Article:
Ms. Herzig's lush, offhand tonal vocabulary stuck in my craw at an odd angle the first time I listened to this and I couldn't quite place it. Highly tuneful, some nice twists, and then one day I put on one of Grachan Moncur III's Blue Note records from the 1960s, and there it was. I can't guarantee that this very accomplished young pianist is familiar with my favorite trombone player of all time, but it was a delightful surprise and I think that even if you have fewer records than I do you'll find something here that you'll like as well.
The title "Evening Mood" might make one expect something low-key and
relaxed, but no, it's frenetic and jittery in a south-of-the-border kind of way, and it just cries out for Mr. Moncur to rip on the chord changes. Since Ms. Herzig is the mom of two lovely little daughters (noted duly on the front cover, named Melody Valentina and Jasmin Harmony), possibly the energetic cadence of "Evening Mood" is more meant to put one in mind of getting the little ones washed up and off to bed. Yes, a certain "twee" factor seems possible but no worries. The music is mostly Ms. Herzig's with a snappy cover of Jerome Kern's "The Song Is You" and an even better "Yardbird Suite." Now that take's a killer! Pat Harbison's trumpet hangs back just slightly on the beat as if he were expecting Bird to leap in a la Lester, and Steve Davis' percussion is right on the money; he even taps the drum case in the manner of Jimmy Cobb during Ms. Herzig's piano break, but not all the way through as if to say 'OK, I've represented, now back to what I usually do' The spirit here is refreshing, the tunes clich'-free, and the secret weapon on board is Peter Kienle, Ms. Herzig's husband and a guitarist of no small subtlety - check his solo on "Blues for a Rainy Day." Soprano sax player Tom Clark nicely puts over the top a good arrangement of George Harrison's "Something," a tune which to my mind seems too tightly composed to do much with in a Jazz setting. I notice that with a lot of other non-jazz composers, Stephen Sondheim as well. Nice try, there. But the rest of the CD is as good as I've heard recently: "Melody's Adventures" begins with a short valedictory by the young lady herself, and her mom's chiming piano takes over for a gentle, understanding romp through what may well be an adult's view of a child's world. Sweet and well done! I should also add kudos for the beautiful "Special Moments" and the efforts of two fine bass players, Frank Smith and Jack Helsley, who split up duties.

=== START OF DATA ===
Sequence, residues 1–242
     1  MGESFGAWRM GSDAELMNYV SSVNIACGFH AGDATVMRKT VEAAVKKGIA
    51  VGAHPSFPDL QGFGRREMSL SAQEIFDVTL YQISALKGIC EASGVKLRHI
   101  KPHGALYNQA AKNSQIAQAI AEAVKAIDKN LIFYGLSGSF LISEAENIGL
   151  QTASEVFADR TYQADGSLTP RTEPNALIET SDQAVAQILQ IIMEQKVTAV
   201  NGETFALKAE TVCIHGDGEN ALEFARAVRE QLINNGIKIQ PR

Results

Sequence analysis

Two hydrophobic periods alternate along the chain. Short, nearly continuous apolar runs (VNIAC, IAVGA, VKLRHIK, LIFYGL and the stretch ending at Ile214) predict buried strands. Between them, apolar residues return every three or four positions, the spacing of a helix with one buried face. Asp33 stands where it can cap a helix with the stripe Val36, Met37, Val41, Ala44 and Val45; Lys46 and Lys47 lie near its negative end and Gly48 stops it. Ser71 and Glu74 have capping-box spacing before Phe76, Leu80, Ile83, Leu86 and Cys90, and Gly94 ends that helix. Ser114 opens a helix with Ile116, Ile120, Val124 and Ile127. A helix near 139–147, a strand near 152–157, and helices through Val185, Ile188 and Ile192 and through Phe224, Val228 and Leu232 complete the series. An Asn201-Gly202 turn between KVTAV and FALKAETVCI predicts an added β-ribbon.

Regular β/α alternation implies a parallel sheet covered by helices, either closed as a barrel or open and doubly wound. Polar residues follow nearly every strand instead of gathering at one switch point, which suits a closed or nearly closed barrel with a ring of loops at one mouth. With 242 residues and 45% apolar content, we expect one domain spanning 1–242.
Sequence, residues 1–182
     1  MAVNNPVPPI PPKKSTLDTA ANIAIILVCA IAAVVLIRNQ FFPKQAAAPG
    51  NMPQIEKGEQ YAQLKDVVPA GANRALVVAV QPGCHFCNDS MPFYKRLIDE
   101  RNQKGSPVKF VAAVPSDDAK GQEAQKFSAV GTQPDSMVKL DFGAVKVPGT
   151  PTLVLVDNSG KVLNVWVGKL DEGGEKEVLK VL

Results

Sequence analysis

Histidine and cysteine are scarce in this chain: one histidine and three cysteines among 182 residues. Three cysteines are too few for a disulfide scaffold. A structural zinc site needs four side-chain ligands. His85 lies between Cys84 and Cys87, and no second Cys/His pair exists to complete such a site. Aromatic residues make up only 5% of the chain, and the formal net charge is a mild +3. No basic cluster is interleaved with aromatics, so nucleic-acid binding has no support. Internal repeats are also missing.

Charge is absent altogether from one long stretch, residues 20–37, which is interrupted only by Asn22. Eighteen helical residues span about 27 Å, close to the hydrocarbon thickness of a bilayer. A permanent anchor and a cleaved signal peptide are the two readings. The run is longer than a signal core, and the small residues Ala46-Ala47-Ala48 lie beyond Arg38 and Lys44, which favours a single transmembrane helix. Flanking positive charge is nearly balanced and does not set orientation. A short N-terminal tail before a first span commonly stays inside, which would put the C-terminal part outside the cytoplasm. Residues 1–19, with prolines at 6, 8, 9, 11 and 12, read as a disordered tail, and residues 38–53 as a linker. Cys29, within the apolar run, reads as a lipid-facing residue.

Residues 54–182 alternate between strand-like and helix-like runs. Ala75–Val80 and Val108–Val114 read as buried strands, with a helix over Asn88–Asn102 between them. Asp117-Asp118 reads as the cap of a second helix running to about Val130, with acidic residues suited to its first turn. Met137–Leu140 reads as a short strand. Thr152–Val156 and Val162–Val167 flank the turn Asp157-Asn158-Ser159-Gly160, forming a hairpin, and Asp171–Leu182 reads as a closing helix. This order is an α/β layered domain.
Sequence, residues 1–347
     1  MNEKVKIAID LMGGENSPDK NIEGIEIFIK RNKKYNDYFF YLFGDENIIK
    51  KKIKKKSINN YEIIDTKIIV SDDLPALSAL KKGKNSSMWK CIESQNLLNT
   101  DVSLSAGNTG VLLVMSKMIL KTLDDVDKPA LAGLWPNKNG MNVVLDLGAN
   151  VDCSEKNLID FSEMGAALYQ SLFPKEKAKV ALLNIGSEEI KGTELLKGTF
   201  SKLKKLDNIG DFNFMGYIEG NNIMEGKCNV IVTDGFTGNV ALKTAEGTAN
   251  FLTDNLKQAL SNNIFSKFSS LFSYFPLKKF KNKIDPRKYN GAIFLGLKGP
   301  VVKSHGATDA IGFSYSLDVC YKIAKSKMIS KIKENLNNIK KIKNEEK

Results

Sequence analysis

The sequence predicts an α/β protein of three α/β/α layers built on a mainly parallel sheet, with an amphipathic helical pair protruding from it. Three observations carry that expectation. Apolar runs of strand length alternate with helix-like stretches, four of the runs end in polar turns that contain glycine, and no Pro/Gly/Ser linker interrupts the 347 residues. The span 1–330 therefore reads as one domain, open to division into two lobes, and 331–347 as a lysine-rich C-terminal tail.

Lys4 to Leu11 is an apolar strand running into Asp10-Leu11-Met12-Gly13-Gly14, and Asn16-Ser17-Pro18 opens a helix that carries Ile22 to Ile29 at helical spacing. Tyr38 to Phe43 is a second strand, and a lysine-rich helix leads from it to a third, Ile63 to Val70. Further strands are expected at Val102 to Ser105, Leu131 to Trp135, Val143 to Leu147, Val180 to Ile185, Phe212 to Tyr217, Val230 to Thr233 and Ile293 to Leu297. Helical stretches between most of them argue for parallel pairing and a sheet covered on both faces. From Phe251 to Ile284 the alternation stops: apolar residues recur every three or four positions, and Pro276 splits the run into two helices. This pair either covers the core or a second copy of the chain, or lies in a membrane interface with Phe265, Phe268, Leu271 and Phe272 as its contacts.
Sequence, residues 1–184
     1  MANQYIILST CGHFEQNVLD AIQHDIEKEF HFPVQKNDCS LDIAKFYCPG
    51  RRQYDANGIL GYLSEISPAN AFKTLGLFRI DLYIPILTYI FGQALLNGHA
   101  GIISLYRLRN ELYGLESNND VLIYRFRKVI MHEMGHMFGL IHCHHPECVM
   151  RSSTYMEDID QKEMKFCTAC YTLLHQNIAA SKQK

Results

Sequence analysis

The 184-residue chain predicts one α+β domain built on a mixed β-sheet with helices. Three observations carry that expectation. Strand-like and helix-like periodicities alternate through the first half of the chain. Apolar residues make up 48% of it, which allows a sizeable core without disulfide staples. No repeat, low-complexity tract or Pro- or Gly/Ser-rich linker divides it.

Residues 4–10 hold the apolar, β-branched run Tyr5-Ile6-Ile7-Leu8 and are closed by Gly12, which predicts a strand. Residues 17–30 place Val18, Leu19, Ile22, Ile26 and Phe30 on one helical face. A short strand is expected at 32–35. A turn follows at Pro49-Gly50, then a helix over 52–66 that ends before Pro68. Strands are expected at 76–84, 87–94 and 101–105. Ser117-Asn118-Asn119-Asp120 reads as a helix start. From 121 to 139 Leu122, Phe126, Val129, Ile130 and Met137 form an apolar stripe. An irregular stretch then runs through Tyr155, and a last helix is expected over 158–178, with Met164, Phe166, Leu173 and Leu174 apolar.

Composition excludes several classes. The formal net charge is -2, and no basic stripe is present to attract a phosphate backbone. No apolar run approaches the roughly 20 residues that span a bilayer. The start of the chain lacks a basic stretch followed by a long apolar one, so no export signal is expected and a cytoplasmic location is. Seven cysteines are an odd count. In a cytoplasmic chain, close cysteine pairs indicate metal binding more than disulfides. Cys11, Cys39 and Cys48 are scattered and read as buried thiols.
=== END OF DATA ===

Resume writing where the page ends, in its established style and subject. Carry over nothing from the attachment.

At the end of the CD are several children's songs sung by Melody, as well as 3-year-olds can be expected: I dug 'em since I fondly recall when my own were that age. But even if you're a member of the W.C. Fields School of Child Rearing ("Anybody who hates dogs and little children can"t be all bad"), there are enough non-toddler pleasures to be had here to give this a serious try anyway.
by Ken Egbert
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